Data Integration Buyer's Guide

AI Data Integration: AI Is Only as Smart as the Data You Feed It

AI Data Integration

AI Data Integration

Solutions Review’s Expert Insights Series is a collection of contributed articles written by industry experts in enterprise software categories. In this feature, Arcion CEO Gary Hagmueller offers commentary on AI data integration and why AI is only as smart as the data you feed it.

When ChatGPT gate-crashed into the tech world in late 2022, it implicitly propelled the dawning of the AI age. ChatGPT has ushered in a broad collective realization that this “Age of AI” is going to be unprecedented and have influence on almost every business, organization, technology, product, and how we as humans interact with the world around us, at the very least. The sheer amazement most people felt at having a machine produce content that was frequently as good as, if not better than, what most English majors generated was profound. And while the output that these AI systems produce promises to revolutionize many industries and occupations, what’s under the covers is equally as fascinating and transformational.

Below the fancy headlines and the cleverly written pieces, all AI systems are really just highly refined data consumption applications. It may seem like the machine is conscious, but in reality, that sense of being is the result of the ingestion, processing and rendering of data.

Generative AI, such as the large language models (LLMs) that power generative pre-trained transformers (more commonly known today as GPT), are but one flavor of AI. While LLM applications are vast, there are a huge number of other forms of AI modeling that enterprises will utilize to produce company-specific AI applications. Neural nets, unsupervised models, supervised techniques, and deep learning, to name a few, are other techniques that generate enterprise AI models with the potential to be transformational. No matter what the approach, all AI models have one thing in common: They’re only as useful as the data that is fed to them.

It is data that brings these AI models to life. The data can be in different formats. The format is dependent on the applications and its users that consume and generate the data over time across various channels and in myriad ways. For applications that leverage AI models, once the input data is determined, a lengthy process of tuning, testing and refining will eventually determine the output models that are used in a production environment. AI projects always involve data scientists, data engineers, database administrators, developers, the DevOps team, etc. All told, the investment involved in the development of even the most basic AI model can be substantial.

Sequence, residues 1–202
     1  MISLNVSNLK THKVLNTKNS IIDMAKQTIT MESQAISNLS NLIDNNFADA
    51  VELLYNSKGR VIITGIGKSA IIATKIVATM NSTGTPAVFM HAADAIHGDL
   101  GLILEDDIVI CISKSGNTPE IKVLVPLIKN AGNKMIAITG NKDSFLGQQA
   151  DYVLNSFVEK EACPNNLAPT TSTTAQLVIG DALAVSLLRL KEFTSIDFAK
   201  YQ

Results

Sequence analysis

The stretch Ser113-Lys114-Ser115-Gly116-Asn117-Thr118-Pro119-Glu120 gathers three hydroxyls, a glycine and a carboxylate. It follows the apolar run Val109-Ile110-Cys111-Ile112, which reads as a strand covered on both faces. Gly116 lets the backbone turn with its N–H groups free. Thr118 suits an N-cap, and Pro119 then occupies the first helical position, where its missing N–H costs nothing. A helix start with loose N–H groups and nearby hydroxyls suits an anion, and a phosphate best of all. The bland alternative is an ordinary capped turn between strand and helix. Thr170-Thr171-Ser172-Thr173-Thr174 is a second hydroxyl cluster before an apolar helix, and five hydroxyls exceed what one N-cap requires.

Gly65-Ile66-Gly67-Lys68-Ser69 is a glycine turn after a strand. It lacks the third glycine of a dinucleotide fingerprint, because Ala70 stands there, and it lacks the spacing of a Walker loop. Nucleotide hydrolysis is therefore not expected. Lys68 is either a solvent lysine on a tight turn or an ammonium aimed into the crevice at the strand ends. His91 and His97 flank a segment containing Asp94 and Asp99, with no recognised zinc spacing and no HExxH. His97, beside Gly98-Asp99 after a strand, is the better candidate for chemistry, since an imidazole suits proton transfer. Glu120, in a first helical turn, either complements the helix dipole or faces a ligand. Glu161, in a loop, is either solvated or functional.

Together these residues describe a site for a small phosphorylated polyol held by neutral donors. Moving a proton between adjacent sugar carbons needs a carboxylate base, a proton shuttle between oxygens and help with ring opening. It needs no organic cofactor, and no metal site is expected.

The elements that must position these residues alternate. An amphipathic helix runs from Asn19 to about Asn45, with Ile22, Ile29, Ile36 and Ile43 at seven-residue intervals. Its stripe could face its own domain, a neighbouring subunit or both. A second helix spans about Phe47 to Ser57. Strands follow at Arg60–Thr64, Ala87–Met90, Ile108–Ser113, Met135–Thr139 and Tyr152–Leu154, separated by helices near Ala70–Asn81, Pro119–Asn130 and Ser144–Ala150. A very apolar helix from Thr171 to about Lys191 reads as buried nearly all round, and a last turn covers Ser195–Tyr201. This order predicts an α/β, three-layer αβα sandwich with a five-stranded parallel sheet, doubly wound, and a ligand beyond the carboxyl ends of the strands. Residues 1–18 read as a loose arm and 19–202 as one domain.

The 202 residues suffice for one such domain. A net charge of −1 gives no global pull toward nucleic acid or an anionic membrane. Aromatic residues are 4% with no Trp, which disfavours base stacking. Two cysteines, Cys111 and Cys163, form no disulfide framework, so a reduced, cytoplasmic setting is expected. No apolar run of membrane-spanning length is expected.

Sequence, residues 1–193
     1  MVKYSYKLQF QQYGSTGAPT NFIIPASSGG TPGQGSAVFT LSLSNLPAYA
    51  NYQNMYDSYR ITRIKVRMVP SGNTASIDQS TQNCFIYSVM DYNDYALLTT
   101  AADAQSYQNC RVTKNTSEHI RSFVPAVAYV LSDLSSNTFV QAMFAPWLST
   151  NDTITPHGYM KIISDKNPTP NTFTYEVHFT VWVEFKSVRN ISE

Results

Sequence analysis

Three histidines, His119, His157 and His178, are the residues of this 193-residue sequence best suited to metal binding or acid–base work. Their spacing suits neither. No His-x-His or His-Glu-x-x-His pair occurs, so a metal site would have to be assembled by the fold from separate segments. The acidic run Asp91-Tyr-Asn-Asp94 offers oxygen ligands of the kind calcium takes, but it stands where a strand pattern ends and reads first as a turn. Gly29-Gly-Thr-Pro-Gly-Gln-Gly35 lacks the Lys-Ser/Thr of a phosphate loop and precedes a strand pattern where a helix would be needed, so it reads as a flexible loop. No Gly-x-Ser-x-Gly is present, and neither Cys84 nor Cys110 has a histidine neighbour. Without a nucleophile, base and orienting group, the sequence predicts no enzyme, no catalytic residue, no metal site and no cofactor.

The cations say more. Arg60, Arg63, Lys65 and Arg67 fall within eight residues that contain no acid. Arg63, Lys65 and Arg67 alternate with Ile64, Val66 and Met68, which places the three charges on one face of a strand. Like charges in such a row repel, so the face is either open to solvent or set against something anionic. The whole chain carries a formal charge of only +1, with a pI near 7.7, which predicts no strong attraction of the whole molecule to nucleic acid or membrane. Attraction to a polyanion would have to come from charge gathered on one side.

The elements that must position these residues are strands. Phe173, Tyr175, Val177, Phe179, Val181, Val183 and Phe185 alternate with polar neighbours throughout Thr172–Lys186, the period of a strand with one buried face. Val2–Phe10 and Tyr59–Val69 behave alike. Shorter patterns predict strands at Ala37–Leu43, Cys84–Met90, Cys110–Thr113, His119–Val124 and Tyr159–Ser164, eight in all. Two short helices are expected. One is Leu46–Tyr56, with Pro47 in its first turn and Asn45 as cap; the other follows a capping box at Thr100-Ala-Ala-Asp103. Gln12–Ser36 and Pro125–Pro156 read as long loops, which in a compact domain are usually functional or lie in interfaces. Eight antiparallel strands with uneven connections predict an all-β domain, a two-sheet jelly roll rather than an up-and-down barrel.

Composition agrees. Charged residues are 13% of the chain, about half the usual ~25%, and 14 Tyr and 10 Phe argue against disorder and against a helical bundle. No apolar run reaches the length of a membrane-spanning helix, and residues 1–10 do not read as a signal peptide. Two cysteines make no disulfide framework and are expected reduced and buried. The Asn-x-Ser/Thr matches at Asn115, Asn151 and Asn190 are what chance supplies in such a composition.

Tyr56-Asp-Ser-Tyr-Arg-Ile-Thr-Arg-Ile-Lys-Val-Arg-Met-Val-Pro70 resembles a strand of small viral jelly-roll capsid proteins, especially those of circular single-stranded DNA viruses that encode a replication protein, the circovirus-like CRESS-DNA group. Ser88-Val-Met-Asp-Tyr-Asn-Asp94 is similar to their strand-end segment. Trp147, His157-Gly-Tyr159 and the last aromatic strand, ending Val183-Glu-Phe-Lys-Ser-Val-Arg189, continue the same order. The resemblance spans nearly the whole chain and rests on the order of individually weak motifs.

Once AI models are trained and refined, they become quite specialized and highly sensitive to material changes in the source data. For an enterprise, data is increasingly sourced from the transactional systems that underlie most functional operations. Astute enterprises know that real-time operational data represents the most valuable asset at their disposal, as it reflects the current intent or actions of that company’s customers, partners, counter parties, threats and assets — precisely everything that keeps the business running.

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AI Data Integration

Unlocking Operational Data Is the Key to Deriving Value From Enterprise AI

Sometimes the changes in source data reflect new phenomena that should drive an action or create awareness. This is one of the most powerful value drivers in enterprise AI adoption: spotting a weak signal that represents a meaningful change as it happens and taking advantage of the insight immediately. Harnessing the power of data changes can lead to higher revenues, lower churn, reduced risks, more efficient operations, and fewer regulatory issues; these are just a few possible benefits. These benefits drive nearly all enterprise data projects.